Behold, the rise of IoT—plus, the rise of the cashless economy?
Visa, the payment processor responsible for over half of the world’s electronic transactions, will be integrating its credit card tokenization technology with Watson’s Internet of Things network.
Watson is the crown jewel of IBM’s work in artificial intelligence, for those just venturing out from under their rocks; the partnership with Visa was announced today alongside other IoT initiatives in industries like auto, crowdfunding websites, and the (French) railroad.
Watson’s network will provide a platform to connect and manage Visa’s technology (which turns payment information into unique digital “tokens” to protect the user’s personal details) with individual IoT devices.
Jim McCarthy, executive VP, innovation and strategic partnerships for Visa, said in a statement:
The Internet of Things is not only driving a more connected world, it’s changing the way we live, shop and pay, by moving data and the point-of-sale to wherever the consumer wants it to be.With the power of Watson’s cognitive technologies and IBM’s leadership in IoT and security, they are the ideal partner to help us deliver secure payments to ‘virtually anywhere’ and on the enormous scale of the IoT.
Both companies see an opportunity to change the way business is conducted on a global scale, which is no wonder considering the proposed scale of the partnership: according to IBM, the aim is to connect 20 billion devices with Visa by 2022.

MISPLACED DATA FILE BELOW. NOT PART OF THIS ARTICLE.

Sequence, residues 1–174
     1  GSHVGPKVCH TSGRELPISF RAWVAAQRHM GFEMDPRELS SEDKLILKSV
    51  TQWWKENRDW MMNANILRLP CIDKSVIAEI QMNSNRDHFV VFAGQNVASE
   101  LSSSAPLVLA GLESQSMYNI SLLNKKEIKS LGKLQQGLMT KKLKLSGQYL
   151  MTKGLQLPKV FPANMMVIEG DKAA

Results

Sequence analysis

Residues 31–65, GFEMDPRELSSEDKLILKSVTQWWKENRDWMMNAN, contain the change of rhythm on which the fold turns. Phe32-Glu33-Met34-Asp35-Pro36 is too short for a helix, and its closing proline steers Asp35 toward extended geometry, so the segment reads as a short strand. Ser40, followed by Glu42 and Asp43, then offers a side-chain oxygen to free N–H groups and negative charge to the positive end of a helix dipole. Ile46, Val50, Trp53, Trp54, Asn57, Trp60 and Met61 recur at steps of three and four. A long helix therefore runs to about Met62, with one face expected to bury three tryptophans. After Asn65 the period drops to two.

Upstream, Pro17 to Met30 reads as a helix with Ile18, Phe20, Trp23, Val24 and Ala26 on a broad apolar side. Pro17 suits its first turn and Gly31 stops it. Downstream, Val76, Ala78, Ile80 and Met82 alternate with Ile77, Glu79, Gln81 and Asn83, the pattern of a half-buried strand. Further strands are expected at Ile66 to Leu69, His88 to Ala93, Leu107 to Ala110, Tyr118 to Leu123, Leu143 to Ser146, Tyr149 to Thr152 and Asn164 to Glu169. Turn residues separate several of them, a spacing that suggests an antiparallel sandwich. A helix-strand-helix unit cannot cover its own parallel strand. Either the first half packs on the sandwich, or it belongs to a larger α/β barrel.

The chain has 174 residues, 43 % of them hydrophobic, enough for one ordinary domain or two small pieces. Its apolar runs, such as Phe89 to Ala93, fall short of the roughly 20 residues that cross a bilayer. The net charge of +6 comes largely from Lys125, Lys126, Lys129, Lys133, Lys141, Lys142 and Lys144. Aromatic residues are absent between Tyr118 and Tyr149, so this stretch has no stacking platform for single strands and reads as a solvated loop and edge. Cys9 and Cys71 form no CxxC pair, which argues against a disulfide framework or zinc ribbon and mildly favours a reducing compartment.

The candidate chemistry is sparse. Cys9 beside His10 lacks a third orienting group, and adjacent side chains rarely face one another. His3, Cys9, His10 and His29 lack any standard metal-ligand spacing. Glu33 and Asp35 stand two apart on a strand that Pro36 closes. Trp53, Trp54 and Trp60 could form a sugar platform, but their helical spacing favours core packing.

One such change might be the final death of cash as a method of pay—20 billion, with a “B,” is a lot of devices which will be equipped with secure individual identifiers.
These devices might not overshadow cash at first, but the benefits might add up over the years. IoT devices could eliminate the need for card swipes, for instance, especially as Watson grows smarter.
Visa is not new to IoT innovation, which goes beyond wearables like smartwatches–the company recently partnered with Honda for in-vehicle payments, for instance. Visa isn’t the only one in payments experimenting, either: IoT devices slowly filtering into this space include coffee cups, rings, and refrigerators like the smart fridge designed by Mastercard and Samsung.
Mastercard has recently stepped up its own research into IoT by partnering with companies like Accenture, and discussing the future emergence of smart cities–a development that might be growing closer as users flock to more virtual methods of pay but continue to avoid mobile payments at the point-of-sale.
There’s a potential future here (envisioned by IBM, as one can see in the video below) where users don’t even have to tell Watson to buy milk, because the AI will already know, and has already bought it with the customer’s unique Visa token ID.
This does beg the question, however: if the device is what’s authenticating the payment–possibly without even needing the user’s permission–then what role is there for banks in the Internet of Things?
To learn more about the internet of things, join us in San Jose on March 6-7 for Bank Innovation 2017, where the best conversations in fintech take place. Request your invitation here.2 - Readers Like This Post